What is graphene?
In physiochemical terms graphene is a two-dimensional layer of carbon atoms with a thickness of single atom and hexagonal “honeycomb” atom layout. It is often presented as a uniform large-dimension grid. In reality such a perfect structure does not exist, it may only be created in form of small adjacent and overlapping flakes.
Why is graphene so unique?
The graphene is so unique because it combines a set of properties unseen in any previously known material. These are: mechanical strength, elasticity, thermal properties (high conductivity), transparency for the whole spectrum of electromagnetic waves, impermeability for practically all substances, biological properties, sensory capabilities, electronic properties (mainly very high electron mobility), high thermal and electrical conductivity.
How is graphene made?
You can make it several ways; the simplest way is to simply peel it off a piece of graphite, which is an easy way but it is terribly uncontrolled. There are also other methods to create graphene layers called CVD – Chemical Vapor Deposition.
Graphite and Graphene – what is the difference?
“The attributes of graphene – transparency, density, electric and thermal conductivity, elasticity, flexibility, hardness resistance and capacity to generate chemical reactions with other substances – harbour the potential to unleash a new technological revolution of more magnificent proportions than that ushered in by electricity in the 19th century and the rise of the internet in the 1990s.” – LarrainVial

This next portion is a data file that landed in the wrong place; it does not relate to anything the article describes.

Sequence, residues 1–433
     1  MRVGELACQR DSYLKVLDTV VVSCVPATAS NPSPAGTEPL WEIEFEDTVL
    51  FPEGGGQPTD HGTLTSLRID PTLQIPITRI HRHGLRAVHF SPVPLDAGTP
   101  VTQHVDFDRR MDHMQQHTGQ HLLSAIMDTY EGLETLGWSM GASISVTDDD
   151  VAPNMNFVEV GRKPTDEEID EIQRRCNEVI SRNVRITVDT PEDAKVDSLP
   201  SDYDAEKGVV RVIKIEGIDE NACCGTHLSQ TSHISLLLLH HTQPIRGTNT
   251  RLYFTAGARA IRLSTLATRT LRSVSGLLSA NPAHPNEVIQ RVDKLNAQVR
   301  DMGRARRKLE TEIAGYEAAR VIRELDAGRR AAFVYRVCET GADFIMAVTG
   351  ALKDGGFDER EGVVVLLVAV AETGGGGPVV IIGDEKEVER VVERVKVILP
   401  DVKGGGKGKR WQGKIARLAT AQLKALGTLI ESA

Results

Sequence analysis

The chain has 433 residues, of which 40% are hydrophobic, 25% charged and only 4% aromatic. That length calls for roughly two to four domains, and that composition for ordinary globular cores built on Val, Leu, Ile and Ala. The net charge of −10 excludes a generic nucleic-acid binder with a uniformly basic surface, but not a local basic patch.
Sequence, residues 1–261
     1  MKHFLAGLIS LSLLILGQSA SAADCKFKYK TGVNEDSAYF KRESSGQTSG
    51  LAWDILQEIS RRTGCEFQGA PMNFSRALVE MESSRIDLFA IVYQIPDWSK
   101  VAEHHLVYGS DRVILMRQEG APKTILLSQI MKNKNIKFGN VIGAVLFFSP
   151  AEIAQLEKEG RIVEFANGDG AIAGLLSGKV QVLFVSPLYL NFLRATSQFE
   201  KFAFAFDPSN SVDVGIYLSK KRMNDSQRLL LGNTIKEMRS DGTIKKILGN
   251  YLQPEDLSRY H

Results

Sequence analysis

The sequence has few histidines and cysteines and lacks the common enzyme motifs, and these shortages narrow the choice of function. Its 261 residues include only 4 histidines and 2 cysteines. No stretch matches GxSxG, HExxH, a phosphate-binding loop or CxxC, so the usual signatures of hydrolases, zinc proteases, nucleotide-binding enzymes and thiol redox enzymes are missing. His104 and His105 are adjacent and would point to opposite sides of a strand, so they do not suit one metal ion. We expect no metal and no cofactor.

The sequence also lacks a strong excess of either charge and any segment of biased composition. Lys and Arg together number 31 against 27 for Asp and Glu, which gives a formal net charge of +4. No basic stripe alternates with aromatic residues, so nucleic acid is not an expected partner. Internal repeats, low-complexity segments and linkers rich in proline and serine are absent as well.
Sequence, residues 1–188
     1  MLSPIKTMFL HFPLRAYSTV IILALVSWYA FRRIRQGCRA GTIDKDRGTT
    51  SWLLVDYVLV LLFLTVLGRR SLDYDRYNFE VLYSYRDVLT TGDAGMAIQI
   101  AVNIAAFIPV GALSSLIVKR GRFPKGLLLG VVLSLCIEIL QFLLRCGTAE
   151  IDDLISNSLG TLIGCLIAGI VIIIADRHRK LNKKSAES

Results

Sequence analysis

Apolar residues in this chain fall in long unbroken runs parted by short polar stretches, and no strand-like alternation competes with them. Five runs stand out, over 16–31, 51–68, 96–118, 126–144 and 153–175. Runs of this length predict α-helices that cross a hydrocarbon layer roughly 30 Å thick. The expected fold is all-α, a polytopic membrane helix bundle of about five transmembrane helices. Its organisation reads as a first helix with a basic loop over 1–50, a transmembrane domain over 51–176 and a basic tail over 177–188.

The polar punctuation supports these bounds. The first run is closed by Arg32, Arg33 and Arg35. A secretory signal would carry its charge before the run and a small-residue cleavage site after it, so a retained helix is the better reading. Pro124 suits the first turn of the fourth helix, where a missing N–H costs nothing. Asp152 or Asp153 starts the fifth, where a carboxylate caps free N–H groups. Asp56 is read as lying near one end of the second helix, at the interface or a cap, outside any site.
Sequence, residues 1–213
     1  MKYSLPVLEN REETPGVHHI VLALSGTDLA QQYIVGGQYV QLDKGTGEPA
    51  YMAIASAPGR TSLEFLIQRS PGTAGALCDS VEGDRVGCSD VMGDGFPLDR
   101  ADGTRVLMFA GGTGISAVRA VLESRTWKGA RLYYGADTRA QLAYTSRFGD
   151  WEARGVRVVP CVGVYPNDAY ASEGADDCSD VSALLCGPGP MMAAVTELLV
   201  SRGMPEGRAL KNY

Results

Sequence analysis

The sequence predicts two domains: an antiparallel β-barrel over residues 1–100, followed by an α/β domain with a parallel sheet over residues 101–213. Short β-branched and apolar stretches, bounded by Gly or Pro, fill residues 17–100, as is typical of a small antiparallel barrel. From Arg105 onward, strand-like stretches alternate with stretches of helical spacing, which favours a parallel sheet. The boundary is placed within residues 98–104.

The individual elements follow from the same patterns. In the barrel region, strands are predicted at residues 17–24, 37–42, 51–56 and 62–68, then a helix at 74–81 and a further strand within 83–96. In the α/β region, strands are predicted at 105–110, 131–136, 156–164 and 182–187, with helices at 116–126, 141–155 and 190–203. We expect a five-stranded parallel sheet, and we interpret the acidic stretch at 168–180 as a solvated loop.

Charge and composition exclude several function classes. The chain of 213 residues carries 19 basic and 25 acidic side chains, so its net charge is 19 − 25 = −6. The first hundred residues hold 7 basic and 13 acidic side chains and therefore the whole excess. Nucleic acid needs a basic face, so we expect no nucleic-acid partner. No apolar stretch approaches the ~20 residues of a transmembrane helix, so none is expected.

In very basic terms graphene could be described as a single, one atom thick layer of the commonly found mineral graphite; graphite is essentially made up of hundreds of thousands of layers of graphene. In actuality, the structural make-up of graphite and graphene, and the method of how to create one from the other, is slightly different.
Can you provide general information on graphene properties?
- High electron mobility at room temperature levels (≈ 130 × higher than for silicon, ≈ 25 × higher than for GaAs) and high electrical conductivity:
- Hight mechanical strength (Young modulus ≈ 100 GPa):
- High durability for high current densities:
- High active surface per weight unit (limit 2630 m2/g):
- High transmittance (98%) for electromagnetic radiation with flat characteristics:
- High sensitivity to chemical compounds (chemical “control” of physical properties):
- High thermal conductivity combined with anisotropic properties (≈ 300 W/(m×K) along the surface, ≈ 2 W/(m×K) in perpendicular direction):
- Impermeability (if without defects):
- Bactericidal properties
What are the possible areas of graphene application?
- High-frequency transistors
- Semiconductor memory
- Micro Electro-Mechanical Systems (MEMS)
- High-frequency electronics
- ESD, EMI and RFI coatings
- VHF antennas
- Composite materials
- Very high rigidity enables pressure sensor applications
- Cable materials
- Flexible electronics
- RFID tags
- Energy storage (supercapacitors, new generation cells)
- Fuel cells
- Transparent electrodes, photovoltaics, materials for laser production
- Biosensors, chemical sensors
- Hydrogen storage
- Heat/energy storage
- Heat flow management – cooling
- Coatings and paints
- Food wraps
- Layered composites
- Composites working in high-humidity environment
- Materials for sterile room construction
- Dressing materils
What does transferred graphene mean?
Epitaxial graphene growth technology requires substrate on which graphene could be grown. To create monolayer graphene we use high quality copper foil. Then when we want to deposit layer on other material we have to exfoliate graphene using our technology and transfer graphene onto other material.
Can I give you my material on which I want graphene to be deposit?
Yes. But every time you have to discuss the possibilities with our experts. To specify your custom order please contact us: email@example.com
What are the shapes you can deliver CUSTOM graphene in?